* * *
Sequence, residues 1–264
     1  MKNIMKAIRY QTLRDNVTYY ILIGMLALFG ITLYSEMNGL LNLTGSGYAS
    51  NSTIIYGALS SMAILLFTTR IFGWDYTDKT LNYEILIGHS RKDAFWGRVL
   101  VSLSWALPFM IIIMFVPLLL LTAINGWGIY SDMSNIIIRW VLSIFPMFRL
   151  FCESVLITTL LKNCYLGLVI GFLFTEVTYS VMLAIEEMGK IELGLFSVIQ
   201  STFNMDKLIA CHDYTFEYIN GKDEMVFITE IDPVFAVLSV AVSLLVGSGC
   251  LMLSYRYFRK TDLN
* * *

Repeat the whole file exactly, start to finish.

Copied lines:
Sequence, residues 1–264
     1  MKNIMKAIRY QTLRDNVTYY ILIGMLALFG ITLYSEMNGL LNLTGSGYAS
    51  NSTIIYGALS SMAILLFTTR IFGWDYTDKT LNYEILIGHS RKDAFWGRVL
   101  VSLSWALPFM IIIMFVPLLL LTAINGWGIY SDMSNIIIRW VLSIFPMFRL
   151  FCESVLITTL LKNCYLGLVI GFLFTEVTYS VMLAIEEMGK IELGLFSVIQ
   201  STFNMDKLIA CHDYTFEYIN GKDEMVFITE IDPVFAVLSV AVSLLVGSGC
   251  LMLSYRYFRK TDLN